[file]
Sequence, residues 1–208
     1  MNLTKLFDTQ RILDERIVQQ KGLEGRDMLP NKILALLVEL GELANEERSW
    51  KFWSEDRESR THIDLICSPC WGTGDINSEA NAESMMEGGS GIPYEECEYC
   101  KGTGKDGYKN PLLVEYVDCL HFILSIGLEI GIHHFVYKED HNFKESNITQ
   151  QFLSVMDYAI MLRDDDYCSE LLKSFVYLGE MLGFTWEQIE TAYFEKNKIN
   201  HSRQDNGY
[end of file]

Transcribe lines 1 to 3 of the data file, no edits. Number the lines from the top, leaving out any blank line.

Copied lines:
Sequence, residues 1–208
     1  MNLTKLFDTQ RILDERIVQQ KGLEGRDMLP NKILALLVEL GELANEERSW
    51  KFWSEDRESR THIDLICSPC WGTGDINSEA NAESMMEGGS GIPYEECEYC